Invasive Species Compendium

Detailed coverage of invasive species threatening livelihoods and the environment worldwide

Abstract

The Indo-Pacific nudibranch Baeolidia moebii Bergh, 1888 in Greece, with the first documented spawning aggregation in the Mediterranean Sea.

Abstract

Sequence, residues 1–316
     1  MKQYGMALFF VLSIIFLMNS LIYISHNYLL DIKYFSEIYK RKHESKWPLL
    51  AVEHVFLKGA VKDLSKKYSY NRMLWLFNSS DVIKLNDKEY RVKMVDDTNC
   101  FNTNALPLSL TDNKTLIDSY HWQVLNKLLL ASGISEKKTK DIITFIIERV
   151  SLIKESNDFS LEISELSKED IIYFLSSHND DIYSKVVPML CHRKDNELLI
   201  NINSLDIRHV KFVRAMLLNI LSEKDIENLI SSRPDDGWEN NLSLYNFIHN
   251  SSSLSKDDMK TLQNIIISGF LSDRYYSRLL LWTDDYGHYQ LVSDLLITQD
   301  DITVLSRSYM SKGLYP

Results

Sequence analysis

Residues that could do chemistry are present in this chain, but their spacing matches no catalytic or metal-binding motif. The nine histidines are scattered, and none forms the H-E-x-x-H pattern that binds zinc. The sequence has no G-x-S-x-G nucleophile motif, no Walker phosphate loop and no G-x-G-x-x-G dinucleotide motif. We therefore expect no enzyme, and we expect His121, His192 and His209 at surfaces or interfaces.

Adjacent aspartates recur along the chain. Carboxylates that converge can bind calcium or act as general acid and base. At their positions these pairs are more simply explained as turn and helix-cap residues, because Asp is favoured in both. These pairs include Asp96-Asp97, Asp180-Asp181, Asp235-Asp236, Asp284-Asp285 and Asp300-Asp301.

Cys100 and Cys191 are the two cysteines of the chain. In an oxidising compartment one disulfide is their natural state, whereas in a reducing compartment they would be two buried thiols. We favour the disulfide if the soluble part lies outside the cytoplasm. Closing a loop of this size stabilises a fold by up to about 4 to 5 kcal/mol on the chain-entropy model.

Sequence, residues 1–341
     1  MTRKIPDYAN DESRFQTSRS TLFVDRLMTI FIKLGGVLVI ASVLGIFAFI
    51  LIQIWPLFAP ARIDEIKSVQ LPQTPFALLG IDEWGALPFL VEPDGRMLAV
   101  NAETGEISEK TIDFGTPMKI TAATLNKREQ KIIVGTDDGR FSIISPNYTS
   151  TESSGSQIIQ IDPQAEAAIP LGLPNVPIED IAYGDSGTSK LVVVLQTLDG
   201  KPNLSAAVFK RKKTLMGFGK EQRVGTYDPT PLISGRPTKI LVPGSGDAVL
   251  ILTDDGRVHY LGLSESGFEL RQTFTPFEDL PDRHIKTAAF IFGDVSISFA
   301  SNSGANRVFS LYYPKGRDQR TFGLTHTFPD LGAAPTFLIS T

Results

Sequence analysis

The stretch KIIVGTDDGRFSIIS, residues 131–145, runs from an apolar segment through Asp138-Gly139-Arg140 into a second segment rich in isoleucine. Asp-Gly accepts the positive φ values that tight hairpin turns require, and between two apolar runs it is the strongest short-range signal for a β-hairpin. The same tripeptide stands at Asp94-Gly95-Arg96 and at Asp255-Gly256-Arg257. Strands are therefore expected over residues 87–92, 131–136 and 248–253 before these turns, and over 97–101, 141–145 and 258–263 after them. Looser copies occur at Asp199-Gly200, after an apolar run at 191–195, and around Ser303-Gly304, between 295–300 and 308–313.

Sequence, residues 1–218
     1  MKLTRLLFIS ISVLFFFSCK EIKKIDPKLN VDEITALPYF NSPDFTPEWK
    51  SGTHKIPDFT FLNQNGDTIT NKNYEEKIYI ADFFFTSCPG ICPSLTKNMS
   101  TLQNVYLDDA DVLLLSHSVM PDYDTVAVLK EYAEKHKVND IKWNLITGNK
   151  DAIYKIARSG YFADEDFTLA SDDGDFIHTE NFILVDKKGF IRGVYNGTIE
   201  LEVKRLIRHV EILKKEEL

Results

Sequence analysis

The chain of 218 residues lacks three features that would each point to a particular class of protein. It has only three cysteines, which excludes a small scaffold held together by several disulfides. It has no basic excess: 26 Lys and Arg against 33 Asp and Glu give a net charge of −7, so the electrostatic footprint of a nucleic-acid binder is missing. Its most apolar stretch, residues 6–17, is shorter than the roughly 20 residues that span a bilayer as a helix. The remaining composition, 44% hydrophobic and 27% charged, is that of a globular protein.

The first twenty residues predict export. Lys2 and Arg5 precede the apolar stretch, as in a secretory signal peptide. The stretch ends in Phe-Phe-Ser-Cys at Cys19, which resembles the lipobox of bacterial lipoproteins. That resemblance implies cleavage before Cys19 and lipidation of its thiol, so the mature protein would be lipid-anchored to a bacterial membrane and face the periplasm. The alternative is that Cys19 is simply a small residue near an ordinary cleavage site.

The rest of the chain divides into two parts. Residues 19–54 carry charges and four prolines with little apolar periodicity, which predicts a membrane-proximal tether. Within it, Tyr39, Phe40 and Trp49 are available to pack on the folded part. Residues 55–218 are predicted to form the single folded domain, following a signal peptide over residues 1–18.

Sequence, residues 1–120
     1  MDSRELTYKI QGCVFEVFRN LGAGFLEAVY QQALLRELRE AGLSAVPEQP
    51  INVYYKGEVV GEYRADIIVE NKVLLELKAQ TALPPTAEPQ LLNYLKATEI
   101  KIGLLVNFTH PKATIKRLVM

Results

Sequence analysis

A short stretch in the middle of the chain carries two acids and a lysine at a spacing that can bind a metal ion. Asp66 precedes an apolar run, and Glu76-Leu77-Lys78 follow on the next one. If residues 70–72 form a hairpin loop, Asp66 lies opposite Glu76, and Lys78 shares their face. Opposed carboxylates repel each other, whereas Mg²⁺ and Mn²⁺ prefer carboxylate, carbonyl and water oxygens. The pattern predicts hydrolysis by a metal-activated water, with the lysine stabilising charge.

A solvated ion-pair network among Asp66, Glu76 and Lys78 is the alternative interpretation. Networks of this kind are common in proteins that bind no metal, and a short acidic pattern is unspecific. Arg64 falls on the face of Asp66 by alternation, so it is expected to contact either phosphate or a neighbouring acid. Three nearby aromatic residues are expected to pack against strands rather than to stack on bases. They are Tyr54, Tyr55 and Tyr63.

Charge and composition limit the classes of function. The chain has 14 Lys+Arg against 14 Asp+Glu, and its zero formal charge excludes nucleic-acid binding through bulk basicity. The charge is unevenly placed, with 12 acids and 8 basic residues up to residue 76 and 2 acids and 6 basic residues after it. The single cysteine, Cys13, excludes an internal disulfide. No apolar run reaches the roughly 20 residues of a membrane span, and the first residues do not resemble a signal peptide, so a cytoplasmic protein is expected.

The nudibranch Baeolidia moebii Bergh, 1888 is a sea slug widely distributed in the Indo-Pacific, including the Red Sea, from where it presumably entered the Mediterranean Sea through Lessepsian migration. Although the first record of this species in the invaded area dates back to at least 2007, it is only known so far from the Mediterranean basin based on three scattered records of single individuals, all found in the Levant Sea (Turkey and Cyprus). The present study reports the presence of B. moebii in Kalloni Gulf, a semi-enclosed shallow embayment located in Lesvos Island, a record that widens its known distribution to Greece and the Aegean Sea. Field observations of more than 150 individuals encountered in a single sampling event also allowed observation of intraspecific morphological variation and several specimens laying egg masses, thus first reporting of a spawning aggregation and providing concrete confirmation of its establishment success in the entire basin. Monitoring of such spawning events and aggregations may contribute to a better understanding of the population dynamics of the species. The discontinuous known distribution of B. moebii in the eastern Mediterranean can be attributed to false absence of the species due to its cryptic behaviour, its under-sampled habitat, or to a truly very patchy distribution because of secondary dispersion by currents or vessels, with establishment only in areas of particularly favourable conditions, such as the Kalloni Gulf.